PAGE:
News Releases

Rutledge Calls Dishwasher and Laundry Machine Regulations a Worthless Wash

Says, ‘This is nothing more than a load of nonsense from the Biden Administration’

LITTLE ROCK – Arkansas Attorney General Leslie Rutledge, along with 11 other attorneys general, filed a brief in the United States Court of Appeals for the Fifth Circuit seeking to protect consumers from the United States Department of Energy (DOE). The case revolves around DOE’s unlawful 2022 regulation called “Energy Conservation Program: Product Classes for Residential Dishwashers, Residential Clothes Washers, and Consumer Clothes Dryers.” The coalition of attorneys general are asking the court to strike down DOE’s 2022 rule that rolls back a Trump administration rule from 2020 that more appropriately governs newer washing machines with shorter wash times and dishwashers with 60-minute or less cycles.

“The Biden Administration continues to create more red tape and burdensome regulations — this time on appliances in nearly every home,” said Attorney General Leslie Rutledge. “This is nothing more than a load of nonsense from the Biden Administration.”

The Energy Policy and Conservation Act (EPCA) allows the DOE to regulate various products’ energy efficiency. The 2020 rules were implemented after consumers complained their appliances ran poorly because of the DOE’s regulations. The machines were running slowly in order to be more “energy efficient.” However, energy was not truly saved as consumers would often have to run their machines twice in order to attain an acceptable cleaning job. Realistically, the purported increase in efficiency was non-existent, and consumers were frustrated. The brief argues that DOE’s rule violates the EPCA, is arbitrary and capricious, fails to adequately explain the change in policy, does not sufficiently consider reliance interests, and does not supply enough rationale for the DOE’s refusal to create specific standards for performance classes.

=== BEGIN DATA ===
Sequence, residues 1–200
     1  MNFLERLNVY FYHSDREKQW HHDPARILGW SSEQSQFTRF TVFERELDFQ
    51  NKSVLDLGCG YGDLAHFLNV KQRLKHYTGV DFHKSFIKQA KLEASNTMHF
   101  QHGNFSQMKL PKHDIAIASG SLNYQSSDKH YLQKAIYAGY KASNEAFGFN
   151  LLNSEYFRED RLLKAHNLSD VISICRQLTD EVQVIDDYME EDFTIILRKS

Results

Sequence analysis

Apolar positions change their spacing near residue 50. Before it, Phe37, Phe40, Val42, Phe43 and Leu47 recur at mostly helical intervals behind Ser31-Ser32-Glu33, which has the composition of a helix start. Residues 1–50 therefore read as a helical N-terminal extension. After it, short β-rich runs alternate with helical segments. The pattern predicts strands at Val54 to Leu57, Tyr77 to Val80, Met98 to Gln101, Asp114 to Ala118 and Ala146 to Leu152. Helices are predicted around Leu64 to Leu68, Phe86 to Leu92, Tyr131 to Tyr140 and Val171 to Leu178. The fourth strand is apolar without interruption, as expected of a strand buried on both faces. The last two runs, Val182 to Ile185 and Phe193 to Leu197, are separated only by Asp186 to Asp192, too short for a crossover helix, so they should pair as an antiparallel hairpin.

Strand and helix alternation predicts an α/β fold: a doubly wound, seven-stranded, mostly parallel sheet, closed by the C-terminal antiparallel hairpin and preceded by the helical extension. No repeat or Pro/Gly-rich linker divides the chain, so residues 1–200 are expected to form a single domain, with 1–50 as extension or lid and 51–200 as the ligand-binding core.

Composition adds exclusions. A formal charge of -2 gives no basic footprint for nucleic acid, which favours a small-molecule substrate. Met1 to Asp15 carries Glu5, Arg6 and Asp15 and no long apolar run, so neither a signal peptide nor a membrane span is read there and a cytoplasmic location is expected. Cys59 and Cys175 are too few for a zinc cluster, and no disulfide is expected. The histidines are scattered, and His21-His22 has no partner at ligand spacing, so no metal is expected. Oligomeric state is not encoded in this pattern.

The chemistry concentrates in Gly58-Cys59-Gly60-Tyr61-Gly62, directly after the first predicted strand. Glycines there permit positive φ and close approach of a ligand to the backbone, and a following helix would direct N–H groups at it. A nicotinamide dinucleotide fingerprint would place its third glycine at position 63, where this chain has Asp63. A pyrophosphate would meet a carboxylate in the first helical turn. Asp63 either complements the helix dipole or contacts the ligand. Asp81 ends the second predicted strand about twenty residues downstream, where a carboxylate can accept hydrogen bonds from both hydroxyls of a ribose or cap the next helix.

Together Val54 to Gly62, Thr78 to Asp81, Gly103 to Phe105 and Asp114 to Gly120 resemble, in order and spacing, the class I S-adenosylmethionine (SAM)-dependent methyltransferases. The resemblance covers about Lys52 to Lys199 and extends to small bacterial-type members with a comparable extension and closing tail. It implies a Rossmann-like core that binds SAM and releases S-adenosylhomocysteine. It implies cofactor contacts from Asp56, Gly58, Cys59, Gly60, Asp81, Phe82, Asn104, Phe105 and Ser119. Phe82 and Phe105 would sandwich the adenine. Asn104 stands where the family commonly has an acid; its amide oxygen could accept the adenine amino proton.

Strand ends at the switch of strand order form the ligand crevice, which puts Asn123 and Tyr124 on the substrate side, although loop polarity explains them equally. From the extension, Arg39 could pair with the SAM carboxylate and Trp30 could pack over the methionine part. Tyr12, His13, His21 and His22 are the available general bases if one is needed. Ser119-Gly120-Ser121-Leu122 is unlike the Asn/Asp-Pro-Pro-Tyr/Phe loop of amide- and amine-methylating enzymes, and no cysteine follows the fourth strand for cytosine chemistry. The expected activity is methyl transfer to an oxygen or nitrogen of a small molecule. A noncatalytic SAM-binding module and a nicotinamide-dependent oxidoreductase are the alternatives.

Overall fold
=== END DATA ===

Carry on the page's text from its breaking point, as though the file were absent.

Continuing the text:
Arkansas is joined by the attorneys general of Alabama, Arizona, Kentucky, Louisiana, Missouri, Montana, Oklahoma, South Carolina, Tennessee, Texas, and Utah.